Cheap speed

Digital travels faster than physical. An email travels faster than a letter. A physical letter has constraints in relation to size, weight, cost. Digital communications costs seem vanishingly small. If I want to send a letter within Ireland it will cost me one euro for postage, and that does not include the cost of the paper or envelope. If I want to send an email anywhere in the world it costs me somewhere in the region of two hundred thousandths of a cent. Whereas a paper letter will take around 24 hours to arrive, my email will arrive in perhaps 24 seconds, certainly within 10 minutes. 

When the cost is so small it’s easy to think there’s no cost at all. However, as we discovered earlier, to deal with email spam pollution, we’d need to plant 1.6 billion trees. To deal with legitimate email pollution, we’d need to plant 21 billion trees.

Speed and cheapness, what a powerful, intoxicating combination digital delivers. In the land of email, texting and Slack, things happen more quickly because they can. Those who take advantage of the speed opportunities can refashion industries. Fashion can be turned into Fast Fashion. The competitor who is not changing fast enough gets left behind. Fast Fashion may not be better fashion, but it is most definitely faster fashion, and when the price is so irresistibly low then the addictions blossom. 

With digital, everyone is racing faster. To where? To the bottom, often. Factory workers get paid slave wages and fashion designers are being burnt out at a frenetic pace. Why? To dump a truckload of fashion every second?

Ah, but we humans, we can’t resist speed, can we? I remember one dark, rainy winter night driving on a small Irish road. As I approached a bad bend, the signs kept warning me to slow down, slow down. Once I had gone around the bend and the straight road lay in front of me, there were no signs that encouraged me to speed up again. I did that naturally.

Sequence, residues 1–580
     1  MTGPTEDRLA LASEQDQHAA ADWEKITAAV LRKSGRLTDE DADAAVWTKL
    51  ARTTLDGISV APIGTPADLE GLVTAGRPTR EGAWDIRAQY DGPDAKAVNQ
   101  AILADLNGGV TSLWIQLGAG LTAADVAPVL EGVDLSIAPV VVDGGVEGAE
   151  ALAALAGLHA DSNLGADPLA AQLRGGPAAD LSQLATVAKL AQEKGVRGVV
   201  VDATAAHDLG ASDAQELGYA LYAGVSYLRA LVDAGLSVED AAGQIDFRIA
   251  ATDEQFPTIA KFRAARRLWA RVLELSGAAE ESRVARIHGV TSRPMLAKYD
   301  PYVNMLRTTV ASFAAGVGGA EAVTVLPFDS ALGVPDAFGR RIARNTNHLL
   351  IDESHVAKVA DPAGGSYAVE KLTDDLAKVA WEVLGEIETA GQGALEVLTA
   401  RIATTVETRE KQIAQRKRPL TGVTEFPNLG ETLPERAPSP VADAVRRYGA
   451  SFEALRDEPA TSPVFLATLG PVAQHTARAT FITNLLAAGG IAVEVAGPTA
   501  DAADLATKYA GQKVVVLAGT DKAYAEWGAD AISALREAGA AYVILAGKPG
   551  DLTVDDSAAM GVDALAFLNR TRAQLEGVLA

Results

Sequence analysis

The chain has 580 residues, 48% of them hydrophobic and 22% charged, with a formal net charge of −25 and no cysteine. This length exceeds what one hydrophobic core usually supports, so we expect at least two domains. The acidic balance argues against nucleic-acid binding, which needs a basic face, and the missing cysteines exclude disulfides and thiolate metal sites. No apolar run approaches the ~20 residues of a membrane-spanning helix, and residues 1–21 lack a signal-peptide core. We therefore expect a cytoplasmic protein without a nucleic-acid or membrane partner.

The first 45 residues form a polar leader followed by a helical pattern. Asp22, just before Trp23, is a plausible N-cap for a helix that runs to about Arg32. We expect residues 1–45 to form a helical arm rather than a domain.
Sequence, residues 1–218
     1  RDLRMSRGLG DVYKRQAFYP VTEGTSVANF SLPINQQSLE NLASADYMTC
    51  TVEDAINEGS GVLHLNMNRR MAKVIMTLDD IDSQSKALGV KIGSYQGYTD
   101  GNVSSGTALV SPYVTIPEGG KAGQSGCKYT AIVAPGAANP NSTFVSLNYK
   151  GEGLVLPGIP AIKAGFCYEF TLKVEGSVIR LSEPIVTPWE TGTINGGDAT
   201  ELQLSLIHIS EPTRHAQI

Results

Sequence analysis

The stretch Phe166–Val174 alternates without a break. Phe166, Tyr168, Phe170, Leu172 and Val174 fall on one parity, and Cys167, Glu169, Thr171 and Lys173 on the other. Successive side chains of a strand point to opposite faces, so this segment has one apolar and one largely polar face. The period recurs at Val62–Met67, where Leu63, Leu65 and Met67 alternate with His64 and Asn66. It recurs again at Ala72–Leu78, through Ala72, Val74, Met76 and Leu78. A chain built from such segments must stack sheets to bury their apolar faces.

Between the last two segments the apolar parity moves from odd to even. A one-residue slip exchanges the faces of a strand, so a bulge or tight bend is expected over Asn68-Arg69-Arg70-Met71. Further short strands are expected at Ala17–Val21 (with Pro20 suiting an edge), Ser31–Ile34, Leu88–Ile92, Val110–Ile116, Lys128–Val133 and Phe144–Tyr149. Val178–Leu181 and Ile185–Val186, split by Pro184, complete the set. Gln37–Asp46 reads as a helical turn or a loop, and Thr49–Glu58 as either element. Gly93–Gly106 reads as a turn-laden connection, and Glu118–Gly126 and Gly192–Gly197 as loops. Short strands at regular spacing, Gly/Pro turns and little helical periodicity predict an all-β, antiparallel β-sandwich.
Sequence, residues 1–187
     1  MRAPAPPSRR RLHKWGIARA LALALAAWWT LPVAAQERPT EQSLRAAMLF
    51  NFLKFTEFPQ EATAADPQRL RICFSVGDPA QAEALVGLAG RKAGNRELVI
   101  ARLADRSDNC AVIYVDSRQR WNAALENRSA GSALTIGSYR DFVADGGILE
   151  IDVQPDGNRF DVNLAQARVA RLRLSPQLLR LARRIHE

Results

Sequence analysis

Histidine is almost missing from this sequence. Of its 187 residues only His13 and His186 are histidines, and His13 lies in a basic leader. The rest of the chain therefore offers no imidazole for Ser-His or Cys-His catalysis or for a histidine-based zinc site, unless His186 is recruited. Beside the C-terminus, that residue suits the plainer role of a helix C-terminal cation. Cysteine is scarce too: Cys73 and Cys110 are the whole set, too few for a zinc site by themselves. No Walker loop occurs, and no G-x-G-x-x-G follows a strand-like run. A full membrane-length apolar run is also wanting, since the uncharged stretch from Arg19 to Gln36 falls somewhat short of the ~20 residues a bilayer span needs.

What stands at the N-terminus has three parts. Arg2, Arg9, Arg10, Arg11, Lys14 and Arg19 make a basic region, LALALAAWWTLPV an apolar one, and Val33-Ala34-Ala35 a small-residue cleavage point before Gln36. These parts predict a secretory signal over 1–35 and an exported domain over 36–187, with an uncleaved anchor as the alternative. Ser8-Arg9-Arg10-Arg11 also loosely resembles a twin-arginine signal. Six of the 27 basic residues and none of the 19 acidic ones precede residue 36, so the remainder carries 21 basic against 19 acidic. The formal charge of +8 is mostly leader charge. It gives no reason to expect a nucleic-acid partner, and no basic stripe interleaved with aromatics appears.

There are limits to speed though. The relationship of speed to risk is not dissimilar to the relationship of image resolution to image size. If you double the speed, you treble or more the risk. 

An increase in average speed of 1 km an hour for a car increases the risk of a crash by 3%, with a 4–5% increase in the risk of a fatality. If you crash while driving at 80 km an hour, you are 20 times more likely to die than if you are travelling at 30 km an hour. There is also a link between speed and pollution. The harder the acceleration, the greater the spike in fuel consumption. Consistent, moderate speeds work best for the environment. Cheap thrills kill the environment. 

Digital is an accelerant. Digital is fluid. In e-commerce, we used to be happy getting the delivery in a week, then it was a couple of days, then it was same-day delivery, and now the promise is one hour. Like with everything else, as speed increases so too do the risks and the costs. 

If you’re going to deliver very quickly then you will have to hold more stock, thus increasing costs and waste. The vehicles will be less efficient because they will tend to be partly loaded. Increasing speed of delivery is more stressful for the workers, with drivers having more accidents as they race to get something delivered on time. Amazon workers are set grueling targets, expected to scan items every 11 seconds, and measured and tracked with dystopian precision and ruthlessness. As a result, its US warehouse workers have twice the injury rate of the industry average. 

When I was a teenager, I worked for a summer in Daimler Benz in Germany. My shift was from three in the afternoon until one in the morning. We had a quota to meet. However, most of us reached our quotas by eight or nine in the evening. We could go to the canteen, have a shower, do whatever we wanted. Germany was doing great. Workers were doing fine. They could have a good middle-class lifestyle. There was slack in the system, a bit of humanity, a bit of civilization. 

What of today? What of progress? What of digital? Middle classes are shrinking, as some move up and more move down. To meet consumer desires for ever-faster deliveries, workers are exhausting and hurting themselves for minimum wages. That’s not okay. That feels like digital is ripping up hundreds of years’ worth of worker protection and rights, that digital is sending a large part of the workforce back to the nineteenth century. For what? So that Jeff Bezos, Mark Zuckerberg or Bill Gates can add another few billion to their pile of billions that they will never be able to spend? 

It doesn’t have to be this way. Digital doesn’t have to be a wrecker of lives and destroyer of the planet. Properly used, digital can facilitate conservation. If that delivery truck is full and if it’s going at a nice, consistent speed, and if the workers feel physically and mentally okay, then e-commerce can help reduce energy use, waste and pollution. If, on the other hand, speedy, frenetic e-commerce encourages the very worst frivolous, unnecessary purchases, then we’ll all heading to hell in an Amazon package.

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